Mural to be painted over in A.W. Smith


Nick Natko

A mural in A.W. Smith depicting women in chemical engineering received backlash for its portrayal of women. Faculty members and organizations decided to turn the mural into a rotating piece, which will be painted over about every two years.

A controversial mural painted on a wall in the first floor of A.W. Smith Building is to be painted over. The artist behind the mural was local Cleveland artist Rachel Latina.

In October 2016, Chemical and Biomolecular Engineering Department Chairman Daniel J. Lacks asked Latina to create the piece, which commemorates women in engineering, because he admired the artist’s work.

“I saw the artist’s show in Cleveland, loved her work, and thought it would be a fun way to showcase the fact that we have great successes by women in our department,” Lacks said.

The mural was completed by the end of 2016, but just over one year later, in December 2017, the university received complaints about the mural. Maddy Lyons, a fourth-year student studying chemical engineering, did not make these criticisms herself, but noticed the concerns of others related to how the artist depicted her female subjects.

There are six women depicted on the mural; one has an engineering equation written beneath her collar bone, while another has an equation written on her arm and is holding her hand near her hair. The third woman is wearing glasses with abbreviations for chemical engineering terms written across the lenses, and the fourth is wearing lab safety goggles.The fifth and sixth women have comic book bubbles near them, also featuring engineering references.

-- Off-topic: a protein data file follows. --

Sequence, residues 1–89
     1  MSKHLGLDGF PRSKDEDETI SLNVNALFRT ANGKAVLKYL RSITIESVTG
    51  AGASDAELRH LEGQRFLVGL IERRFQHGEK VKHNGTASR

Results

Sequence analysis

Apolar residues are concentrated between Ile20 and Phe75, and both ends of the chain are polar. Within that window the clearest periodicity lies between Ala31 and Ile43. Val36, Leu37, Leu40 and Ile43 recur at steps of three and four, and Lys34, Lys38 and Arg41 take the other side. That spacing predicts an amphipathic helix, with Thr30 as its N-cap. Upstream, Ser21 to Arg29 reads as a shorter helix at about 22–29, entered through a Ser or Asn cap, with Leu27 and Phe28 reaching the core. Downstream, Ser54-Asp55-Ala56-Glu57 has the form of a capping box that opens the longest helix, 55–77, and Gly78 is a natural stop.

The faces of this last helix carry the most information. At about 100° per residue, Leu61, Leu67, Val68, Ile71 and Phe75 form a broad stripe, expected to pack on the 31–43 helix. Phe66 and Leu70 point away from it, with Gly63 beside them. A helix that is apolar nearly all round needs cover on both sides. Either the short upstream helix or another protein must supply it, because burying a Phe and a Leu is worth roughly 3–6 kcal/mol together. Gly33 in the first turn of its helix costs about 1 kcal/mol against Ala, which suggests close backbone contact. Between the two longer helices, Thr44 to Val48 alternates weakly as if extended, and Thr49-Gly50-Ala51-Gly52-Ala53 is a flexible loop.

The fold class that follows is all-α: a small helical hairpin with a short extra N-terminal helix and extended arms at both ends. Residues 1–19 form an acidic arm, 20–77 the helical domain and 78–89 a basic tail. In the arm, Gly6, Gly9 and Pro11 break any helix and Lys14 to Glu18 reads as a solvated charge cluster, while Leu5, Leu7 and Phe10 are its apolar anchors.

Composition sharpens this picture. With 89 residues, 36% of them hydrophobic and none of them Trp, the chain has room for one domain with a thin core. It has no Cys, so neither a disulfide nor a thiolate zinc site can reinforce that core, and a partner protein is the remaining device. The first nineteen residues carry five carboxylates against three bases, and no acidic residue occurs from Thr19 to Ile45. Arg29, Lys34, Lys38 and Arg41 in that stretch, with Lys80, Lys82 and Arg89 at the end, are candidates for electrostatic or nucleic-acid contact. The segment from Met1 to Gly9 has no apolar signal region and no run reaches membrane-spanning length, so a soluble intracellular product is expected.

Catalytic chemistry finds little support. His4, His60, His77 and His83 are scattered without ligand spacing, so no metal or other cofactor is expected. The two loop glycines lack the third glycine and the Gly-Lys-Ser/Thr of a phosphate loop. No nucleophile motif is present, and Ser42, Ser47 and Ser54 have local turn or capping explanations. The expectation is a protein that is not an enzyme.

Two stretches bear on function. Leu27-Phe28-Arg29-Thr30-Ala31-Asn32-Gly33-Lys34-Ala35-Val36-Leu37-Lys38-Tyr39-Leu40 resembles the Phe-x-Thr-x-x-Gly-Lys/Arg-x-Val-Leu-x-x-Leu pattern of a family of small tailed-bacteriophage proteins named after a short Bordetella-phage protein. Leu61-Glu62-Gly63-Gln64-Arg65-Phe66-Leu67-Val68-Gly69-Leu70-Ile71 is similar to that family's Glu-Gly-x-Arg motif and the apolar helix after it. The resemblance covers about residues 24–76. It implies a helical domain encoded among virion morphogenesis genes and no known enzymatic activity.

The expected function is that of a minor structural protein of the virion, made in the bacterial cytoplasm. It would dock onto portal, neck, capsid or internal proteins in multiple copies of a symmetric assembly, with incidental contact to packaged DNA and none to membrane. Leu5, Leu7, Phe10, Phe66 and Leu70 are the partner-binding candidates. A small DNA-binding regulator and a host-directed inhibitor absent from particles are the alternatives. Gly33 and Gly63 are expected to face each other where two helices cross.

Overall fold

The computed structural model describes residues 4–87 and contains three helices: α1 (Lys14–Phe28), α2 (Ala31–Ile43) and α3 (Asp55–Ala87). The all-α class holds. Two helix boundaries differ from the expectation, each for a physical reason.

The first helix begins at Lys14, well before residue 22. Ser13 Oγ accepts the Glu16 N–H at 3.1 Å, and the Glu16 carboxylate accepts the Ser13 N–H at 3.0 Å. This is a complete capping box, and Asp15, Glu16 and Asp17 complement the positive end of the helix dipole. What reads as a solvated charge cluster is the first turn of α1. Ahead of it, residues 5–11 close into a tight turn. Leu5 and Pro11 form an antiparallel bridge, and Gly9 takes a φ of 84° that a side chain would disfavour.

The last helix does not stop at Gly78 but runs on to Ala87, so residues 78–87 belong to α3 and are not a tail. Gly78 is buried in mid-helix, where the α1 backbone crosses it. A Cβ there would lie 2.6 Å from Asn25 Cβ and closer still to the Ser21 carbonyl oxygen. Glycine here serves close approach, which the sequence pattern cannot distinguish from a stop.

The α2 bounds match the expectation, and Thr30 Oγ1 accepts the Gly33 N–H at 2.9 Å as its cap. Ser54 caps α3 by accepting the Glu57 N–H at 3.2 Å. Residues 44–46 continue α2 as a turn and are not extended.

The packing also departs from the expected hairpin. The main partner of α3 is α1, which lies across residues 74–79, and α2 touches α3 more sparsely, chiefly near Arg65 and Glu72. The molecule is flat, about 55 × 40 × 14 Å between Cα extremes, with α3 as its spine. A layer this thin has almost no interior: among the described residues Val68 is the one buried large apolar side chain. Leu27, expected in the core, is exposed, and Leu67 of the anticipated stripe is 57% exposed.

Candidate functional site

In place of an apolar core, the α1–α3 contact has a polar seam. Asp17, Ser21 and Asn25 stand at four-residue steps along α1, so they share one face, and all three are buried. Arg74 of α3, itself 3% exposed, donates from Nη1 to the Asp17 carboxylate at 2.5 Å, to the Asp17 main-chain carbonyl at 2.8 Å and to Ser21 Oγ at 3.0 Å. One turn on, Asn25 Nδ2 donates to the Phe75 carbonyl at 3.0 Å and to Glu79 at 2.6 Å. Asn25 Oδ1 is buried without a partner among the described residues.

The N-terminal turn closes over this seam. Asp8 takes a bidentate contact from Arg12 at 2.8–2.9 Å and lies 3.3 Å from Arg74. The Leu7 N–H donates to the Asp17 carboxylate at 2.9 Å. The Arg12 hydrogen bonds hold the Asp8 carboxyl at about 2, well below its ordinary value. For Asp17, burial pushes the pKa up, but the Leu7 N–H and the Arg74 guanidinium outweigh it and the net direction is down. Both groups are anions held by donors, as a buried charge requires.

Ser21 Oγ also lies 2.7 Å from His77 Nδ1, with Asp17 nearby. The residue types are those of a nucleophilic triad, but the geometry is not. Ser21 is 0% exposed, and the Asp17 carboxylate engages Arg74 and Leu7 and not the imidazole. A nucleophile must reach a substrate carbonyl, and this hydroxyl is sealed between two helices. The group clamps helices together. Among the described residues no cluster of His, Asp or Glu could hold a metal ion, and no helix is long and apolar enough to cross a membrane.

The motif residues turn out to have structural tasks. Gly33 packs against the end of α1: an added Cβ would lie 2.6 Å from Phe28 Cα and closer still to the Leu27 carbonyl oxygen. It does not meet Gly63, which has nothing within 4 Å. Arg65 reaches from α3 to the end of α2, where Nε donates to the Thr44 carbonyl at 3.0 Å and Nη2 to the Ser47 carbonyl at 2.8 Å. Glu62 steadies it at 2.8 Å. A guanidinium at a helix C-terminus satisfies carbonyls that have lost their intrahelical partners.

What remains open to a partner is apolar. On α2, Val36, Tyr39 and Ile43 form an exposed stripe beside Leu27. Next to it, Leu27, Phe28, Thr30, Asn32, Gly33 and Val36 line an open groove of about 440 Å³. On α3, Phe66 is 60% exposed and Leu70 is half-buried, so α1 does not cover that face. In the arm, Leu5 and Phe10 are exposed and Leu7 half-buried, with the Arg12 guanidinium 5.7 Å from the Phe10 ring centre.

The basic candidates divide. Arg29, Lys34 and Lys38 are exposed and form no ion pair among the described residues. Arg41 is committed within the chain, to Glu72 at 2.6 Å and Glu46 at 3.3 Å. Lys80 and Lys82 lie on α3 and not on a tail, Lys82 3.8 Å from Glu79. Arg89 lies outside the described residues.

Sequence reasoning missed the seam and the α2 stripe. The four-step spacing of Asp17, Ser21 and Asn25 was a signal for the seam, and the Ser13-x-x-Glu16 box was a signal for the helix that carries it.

“To my knowledge “[the criticisms] raised [are] that the women painted on the mural do not depict women scientists, as they are highly sexualized and [beautified],” Lyons said. “No woman looks like that when they are in lab, and all of their outfits and hairdos are essentially safety hazards.”

Case Western Reserve University stated: “The mural was commissioned specifically to celebrate women in engineering and has drawn praise from many for both its aesthetic appeal and its message. Some have objected to the representation of women and discussed their issues with staff at the university’s Flora Stone Mather Center for Women.”

Lacks addressed the concerns regarding the women depicted in Latina’s painting immediately after he returned from break in December 2017. He collaborated with the Flora Stone Mather Center for Women Director Lisa Nielson to find a solution. According to Lacks, Latina’s mural will be painted over.

“After learning about these concerns at the close of 2017, the department chair explored potential options to address them,” the university said. “Ultimately, he embraced the concept of a rotating series of murals for that space—a new one roughly every two years—with selections overseen by a student committee and including the Mather Center’s director.”

The first rotating mural project in A.W. Smith will be painted over Latina’s piece soon. The project will be managed by a group of students in collaboration with the Flora Stone Center for Women.

“My oversight,” Lacks said, “was not getting more student involvement with the artist and design.”

Lacks hopes to rectify his oversight with this new collaborative process. He also thinks that the rotation of the mural will prove fruitful.

“The transitions would generate excitement and allow expression of new ideas,” he said.

Latina did not respond to a request for comment.